Changes to a DRO

The Insolvency Service has put a new measure in place to help vulnerable people in problem debt. From June 19 2021, the total debt allowable in a Debt Relief Order increases from £20,000 to £30,000. 

This measure needed to be put into place because debt levels have been increasing since 2015. As noted by the government, the safety net will not dramatically increase without further changes in other areas. Additional new measures will also:

Increase any “surplus income” from £50 to £75 per month. This is any money that you have after paying your bills and everyday expenses.

Increase the value of general assets that you can own, from £1,000 to £2,000.

Increase the value of a car that you can own, from £1,000 to £2,000, which is in-line with the increase in general assets (mentioned above).

The government foresees that up to 15,500 more individuals could be eligible for a DRO because of the changes made to assets. 

This is a 58% increase on the amount of people who obtained one in 2019/20. The majority of the increase in demand for a DRO is expected to come from first-time debt relievers, however, approximately 10% of forecasted numbers are expected to be from those who would have ordinarily gone down the bankruptcy route. 

Ultimately, the government has anticipated the catastrophic effects that could come into play at the end of the furlough scheme. Many will lose their jobs and creditors will be much more demanding with unpaid payments. But it’s also a move that is designed to give more flexibility for individuals in problem debt. Bankruptcy can be expensive while IVAs can be complicated.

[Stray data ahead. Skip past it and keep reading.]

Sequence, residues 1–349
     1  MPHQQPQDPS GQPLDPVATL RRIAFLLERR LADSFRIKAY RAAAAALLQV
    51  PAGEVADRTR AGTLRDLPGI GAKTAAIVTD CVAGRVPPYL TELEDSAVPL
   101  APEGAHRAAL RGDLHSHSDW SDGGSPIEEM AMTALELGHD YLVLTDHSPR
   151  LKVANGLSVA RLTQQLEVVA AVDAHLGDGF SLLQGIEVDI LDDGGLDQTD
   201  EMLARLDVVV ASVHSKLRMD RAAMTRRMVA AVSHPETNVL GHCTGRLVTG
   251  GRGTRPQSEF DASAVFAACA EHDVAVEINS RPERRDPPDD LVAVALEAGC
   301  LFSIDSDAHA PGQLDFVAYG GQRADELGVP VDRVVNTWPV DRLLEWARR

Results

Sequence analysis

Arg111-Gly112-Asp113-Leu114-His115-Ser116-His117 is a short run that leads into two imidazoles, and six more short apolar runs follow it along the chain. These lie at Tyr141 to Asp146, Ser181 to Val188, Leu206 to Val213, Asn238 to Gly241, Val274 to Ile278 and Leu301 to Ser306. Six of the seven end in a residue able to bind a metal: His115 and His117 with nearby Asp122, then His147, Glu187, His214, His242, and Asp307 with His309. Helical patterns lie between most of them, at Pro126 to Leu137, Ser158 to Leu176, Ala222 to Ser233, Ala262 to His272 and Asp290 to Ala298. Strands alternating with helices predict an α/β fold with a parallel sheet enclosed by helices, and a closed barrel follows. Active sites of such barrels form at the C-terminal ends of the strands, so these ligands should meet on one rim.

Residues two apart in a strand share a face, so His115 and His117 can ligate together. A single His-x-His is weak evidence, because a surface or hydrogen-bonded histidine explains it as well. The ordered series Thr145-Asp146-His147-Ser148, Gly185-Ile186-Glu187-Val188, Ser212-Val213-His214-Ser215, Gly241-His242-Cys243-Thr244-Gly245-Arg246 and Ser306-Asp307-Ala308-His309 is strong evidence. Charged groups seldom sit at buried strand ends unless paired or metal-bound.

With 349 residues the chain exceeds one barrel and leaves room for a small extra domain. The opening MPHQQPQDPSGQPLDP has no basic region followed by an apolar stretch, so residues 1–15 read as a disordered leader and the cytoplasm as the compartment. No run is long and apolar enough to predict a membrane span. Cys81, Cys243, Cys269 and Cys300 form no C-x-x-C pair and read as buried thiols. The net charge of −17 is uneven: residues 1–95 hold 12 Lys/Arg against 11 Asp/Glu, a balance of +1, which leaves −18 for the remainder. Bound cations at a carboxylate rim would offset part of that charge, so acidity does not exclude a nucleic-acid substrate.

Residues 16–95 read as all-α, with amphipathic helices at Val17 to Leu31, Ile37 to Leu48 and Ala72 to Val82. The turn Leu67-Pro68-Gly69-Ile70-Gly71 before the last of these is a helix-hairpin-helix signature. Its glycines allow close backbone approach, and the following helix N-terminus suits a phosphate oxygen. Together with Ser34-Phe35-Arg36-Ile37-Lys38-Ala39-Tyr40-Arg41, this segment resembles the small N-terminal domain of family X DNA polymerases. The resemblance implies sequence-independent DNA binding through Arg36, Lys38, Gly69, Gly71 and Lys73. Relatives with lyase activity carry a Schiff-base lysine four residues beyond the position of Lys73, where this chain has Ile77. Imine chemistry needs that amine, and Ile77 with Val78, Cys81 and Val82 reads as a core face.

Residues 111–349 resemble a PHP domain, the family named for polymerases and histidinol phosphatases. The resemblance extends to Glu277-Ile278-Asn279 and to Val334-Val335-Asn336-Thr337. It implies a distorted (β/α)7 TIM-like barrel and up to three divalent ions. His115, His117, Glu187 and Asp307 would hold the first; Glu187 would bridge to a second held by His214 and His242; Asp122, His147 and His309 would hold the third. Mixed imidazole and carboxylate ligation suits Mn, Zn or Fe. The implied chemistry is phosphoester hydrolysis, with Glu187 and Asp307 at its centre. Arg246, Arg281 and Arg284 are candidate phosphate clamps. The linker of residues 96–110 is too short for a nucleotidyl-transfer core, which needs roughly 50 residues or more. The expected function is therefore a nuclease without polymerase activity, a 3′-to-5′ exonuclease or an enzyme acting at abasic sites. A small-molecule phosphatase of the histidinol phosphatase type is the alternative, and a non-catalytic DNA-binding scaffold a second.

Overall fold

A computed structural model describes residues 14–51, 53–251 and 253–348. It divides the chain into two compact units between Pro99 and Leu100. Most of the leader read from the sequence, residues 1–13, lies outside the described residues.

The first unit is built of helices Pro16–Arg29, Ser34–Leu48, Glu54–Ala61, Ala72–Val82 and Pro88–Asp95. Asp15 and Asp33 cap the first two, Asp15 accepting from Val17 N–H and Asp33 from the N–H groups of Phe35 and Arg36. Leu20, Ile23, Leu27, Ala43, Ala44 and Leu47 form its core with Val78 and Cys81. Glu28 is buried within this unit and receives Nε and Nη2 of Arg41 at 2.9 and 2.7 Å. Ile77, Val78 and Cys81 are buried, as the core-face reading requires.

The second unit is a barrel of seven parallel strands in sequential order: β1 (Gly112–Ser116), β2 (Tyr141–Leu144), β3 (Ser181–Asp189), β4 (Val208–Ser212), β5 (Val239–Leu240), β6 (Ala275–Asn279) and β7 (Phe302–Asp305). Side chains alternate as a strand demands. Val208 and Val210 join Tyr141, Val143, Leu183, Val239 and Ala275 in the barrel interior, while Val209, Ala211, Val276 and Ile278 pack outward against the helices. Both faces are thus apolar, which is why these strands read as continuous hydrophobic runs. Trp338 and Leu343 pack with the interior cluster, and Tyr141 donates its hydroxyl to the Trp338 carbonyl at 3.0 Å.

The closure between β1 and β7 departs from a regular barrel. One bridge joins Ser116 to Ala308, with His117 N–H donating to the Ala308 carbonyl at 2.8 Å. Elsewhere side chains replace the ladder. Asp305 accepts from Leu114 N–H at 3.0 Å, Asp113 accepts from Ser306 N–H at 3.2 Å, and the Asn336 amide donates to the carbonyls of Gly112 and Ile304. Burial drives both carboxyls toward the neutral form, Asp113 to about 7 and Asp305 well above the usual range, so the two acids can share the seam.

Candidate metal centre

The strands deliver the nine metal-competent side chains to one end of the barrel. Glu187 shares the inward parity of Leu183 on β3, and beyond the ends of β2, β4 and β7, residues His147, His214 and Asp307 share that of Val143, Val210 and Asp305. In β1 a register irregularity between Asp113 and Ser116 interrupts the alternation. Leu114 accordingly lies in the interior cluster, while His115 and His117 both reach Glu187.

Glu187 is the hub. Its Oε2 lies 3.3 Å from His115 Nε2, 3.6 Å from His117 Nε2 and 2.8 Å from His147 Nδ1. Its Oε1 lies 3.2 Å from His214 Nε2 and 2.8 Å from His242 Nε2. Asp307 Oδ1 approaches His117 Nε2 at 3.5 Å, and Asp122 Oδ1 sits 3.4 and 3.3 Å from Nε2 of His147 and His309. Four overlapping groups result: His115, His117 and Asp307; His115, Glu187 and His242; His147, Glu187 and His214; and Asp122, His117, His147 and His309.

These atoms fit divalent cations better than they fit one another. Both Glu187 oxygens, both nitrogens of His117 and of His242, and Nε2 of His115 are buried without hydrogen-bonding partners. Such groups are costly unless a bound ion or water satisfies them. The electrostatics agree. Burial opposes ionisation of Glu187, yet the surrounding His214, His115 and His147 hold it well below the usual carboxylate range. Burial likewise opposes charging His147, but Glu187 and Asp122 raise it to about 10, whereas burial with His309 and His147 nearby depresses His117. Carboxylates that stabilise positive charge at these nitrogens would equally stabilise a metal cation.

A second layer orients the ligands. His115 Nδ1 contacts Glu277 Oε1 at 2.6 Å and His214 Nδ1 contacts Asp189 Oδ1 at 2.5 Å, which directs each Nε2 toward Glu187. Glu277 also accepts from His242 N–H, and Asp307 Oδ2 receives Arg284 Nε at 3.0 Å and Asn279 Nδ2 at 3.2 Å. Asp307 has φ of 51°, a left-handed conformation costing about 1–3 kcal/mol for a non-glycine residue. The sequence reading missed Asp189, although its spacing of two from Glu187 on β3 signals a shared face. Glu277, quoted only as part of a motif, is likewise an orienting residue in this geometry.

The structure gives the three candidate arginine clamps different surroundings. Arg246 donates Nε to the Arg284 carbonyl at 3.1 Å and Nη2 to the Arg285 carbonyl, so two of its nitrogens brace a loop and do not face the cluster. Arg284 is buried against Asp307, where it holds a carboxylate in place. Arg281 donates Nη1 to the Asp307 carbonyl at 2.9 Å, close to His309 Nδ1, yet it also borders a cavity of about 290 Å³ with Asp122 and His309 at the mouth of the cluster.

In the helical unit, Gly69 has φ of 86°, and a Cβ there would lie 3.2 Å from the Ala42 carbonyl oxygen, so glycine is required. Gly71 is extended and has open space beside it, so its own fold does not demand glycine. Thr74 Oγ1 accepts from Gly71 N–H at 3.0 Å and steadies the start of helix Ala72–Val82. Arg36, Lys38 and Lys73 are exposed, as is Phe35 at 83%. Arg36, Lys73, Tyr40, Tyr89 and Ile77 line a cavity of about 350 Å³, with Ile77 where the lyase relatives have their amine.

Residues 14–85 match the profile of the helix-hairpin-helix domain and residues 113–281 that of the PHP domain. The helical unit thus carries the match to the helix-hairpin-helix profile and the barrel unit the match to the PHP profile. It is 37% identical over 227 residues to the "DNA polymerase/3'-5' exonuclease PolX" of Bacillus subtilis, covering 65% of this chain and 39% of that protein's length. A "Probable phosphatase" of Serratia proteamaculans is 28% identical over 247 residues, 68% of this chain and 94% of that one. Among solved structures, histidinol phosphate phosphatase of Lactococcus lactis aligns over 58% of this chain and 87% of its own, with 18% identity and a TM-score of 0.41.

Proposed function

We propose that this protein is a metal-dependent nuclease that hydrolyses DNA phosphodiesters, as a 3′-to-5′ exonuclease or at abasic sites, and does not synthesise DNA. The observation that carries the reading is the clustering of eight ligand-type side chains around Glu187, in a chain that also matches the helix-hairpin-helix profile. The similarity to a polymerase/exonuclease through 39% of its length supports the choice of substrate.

The changes were necessary because of a struggle to make payments to creditors in bankruptcy or an IVA. These struggles came about as a result of the pandemic, where financial situations have slumped in the poorer areas of the United Kingdom. 

Without a doubt, these changes are welcome. They are designed to give more options to people who are struggling in problem debt. The parameters for people who should have been qualifying for a DRO needed to be revised in light of the pandemic, with many people slipping through the net into an IVA or bankruptcy solution. These solutions weren’t appropriate because clients could not make realistic payments back to their creditors. 

Financial problems have boomed since the start of the coronavirus pandemic and that has forced the hand. These are the first substantial changes to a DRO since 2015. 

Increasing the maximum debt from £20,000 to £30,000

If somebody has no spare income or expendable assets then they now have a better chance of falling into this category. Debt levels have risen dramatically over the years and, therefore, this suggestion makes a lot of sense.

 

Increasing asset value from £1000 to £2000

Many clients can misinterpret the value of their own assets. For example, a product bought a long time ago for over £1000 might actually be worth less than that threshold in this current moment. This change will smooth over that ambiguity.

It will also be beneficial to anybody who receives a small windfall. Before the change, if someone gained a cash injection of over £1000 then they would see their DRO application revoked. 

There is also an increase on car value, but only to £1000. Many people in DROs traditionally work in low-income jobs and they need a reliable vehicle to get them to their places of work. Cars for upto £1000 should be functional enough to perform that task, without the prospect of them dropping to bits mid-journey!

 

Surplus income increase from £50 to £75

£50 multiplied by twelve equates to £600. That’s probably the cost of a cheap night out in London! In all seriousness, it’s not a lot of money across a whole annual year. Other options like Debt Management plans (DMPs), Individual Voluntary Arrangements (IVAs), and bankruptcies do not really cut the mustard for people with such low amounts of disposable income.  

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